Investment totaling some $3.4trn is foreseen flowing into the global renewable energy build-out over the next ten years – 80% of which will go into wind and solar power projects, according to the latest calculations by Frost & Sullivan.
The analyst group sees 54.1% of installed capacity being made up of renewable plant, including hydropower, by 2030 and 37.9% will be a combination of solar and wind, spotlighting “falling costs and renewables-friendly energy policies adopted by several countries” in North America, Latin America, Europe, the Middle East, China and India as “prominent” reasons for the soaring spend expected.
“The power sector will witness strong growth in decentralisation during the decade, with annual global investment increasing from $53.1bn in 2019 to $92.5bn in 2030,” said Vasanth Krishnan, senior research analyst at F&S’ industrial unit and lead author of its Growth Opportunities from Decarbonisation in the Global Power Market report.
“Pressure will continue to build for further decarbonisation within the power system as the rate of adoption of digital technologies increases in both existing and future plants to boost operational performance.”
Frost & Sullivan estimates the worldwide energy transition will result in over $2.7trn in capital spending going into the wind and solar sectors by 2030, with 54.1% of installed capacity globally by then being accounted for by renewable energy plant, including hydropower.
“The surge in need for flexibility is the most significant trend observed across developed markets,” Krishnan said.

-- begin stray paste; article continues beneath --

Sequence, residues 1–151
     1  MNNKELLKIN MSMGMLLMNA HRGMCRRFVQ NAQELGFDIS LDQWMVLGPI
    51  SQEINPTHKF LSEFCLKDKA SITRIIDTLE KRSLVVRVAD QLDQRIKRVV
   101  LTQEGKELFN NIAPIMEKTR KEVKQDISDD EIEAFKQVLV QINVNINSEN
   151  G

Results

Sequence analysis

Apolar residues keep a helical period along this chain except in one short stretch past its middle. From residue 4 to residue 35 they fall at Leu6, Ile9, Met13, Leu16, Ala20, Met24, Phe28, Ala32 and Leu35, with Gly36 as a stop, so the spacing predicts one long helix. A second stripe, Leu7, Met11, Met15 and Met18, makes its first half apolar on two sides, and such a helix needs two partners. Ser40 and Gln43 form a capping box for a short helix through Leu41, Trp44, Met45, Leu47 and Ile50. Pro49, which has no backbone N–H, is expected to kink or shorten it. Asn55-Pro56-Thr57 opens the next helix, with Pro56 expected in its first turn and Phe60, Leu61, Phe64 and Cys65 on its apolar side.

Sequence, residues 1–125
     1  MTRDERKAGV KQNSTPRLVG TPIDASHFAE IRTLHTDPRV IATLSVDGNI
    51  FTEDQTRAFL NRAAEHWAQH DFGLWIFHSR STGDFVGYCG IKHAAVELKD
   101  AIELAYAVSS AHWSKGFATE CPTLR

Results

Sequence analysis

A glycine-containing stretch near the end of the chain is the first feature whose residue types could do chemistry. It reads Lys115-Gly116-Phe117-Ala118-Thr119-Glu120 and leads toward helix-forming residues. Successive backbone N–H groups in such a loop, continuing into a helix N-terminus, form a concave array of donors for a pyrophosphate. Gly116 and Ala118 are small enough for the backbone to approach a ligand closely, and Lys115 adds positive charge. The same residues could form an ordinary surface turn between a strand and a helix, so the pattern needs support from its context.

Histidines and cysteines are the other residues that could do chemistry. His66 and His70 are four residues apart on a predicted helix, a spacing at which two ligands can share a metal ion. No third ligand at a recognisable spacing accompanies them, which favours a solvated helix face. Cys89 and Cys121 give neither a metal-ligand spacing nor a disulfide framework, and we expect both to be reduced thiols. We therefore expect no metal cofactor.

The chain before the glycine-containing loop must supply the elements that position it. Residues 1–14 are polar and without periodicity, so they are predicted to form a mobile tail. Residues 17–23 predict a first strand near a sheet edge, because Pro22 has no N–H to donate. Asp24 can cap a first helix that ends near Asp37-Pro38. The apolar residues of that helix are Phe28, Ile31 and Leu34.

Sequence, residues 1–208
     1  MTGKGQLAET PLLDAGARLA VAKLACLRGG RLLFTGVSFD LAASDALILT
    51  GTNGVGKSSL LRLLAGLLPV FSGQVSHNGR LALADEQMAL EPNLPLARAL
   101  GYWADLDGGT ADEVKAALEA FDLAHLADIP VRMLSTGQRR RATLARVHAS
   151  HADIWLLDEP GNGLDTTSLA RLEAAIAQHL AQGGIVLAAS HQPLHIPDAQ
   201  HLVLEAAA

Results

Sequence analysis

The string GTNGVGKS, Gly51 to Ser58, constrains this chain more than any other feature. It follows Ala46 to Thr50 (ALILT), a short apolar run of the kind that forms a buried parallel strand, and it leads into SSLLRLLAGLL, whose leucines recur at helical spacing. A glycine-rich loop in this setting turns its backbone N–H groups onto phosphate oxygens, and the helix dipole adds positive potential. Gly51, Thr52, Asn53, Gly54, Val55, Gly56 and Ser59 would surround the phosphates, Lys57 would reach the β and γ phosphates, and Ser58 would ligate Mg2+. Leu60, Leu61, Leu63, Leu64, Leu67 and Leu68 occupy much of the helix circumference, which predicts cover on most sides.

“System operators are coming under increasing pressure to manage the system with uncertain renewable output, declining coal output, and demand-side variability,” he continued, noting that as a result, technologies such as battery energy storage systems, gas engines, demand-side response, and virtual power plants would all witness “unprecedented adoption rates among utilities, solution providers, and end consumers”.
The 2020s would be “crucial for all the participants in the power industry” as the shift toward renewable energy increases momentum, while coal “takes a downturn in most developed markets”, said Krishnan.
Conventional power plant operators, he cautioned, would need to show “extreme physical and digital agility” to compete with renewables power in the longer term.
“In this regard, digital solutions will enable conventional thermal power plants to increase operational efficiency and asset utilisation to meet the present and future needs of a smart power grid.”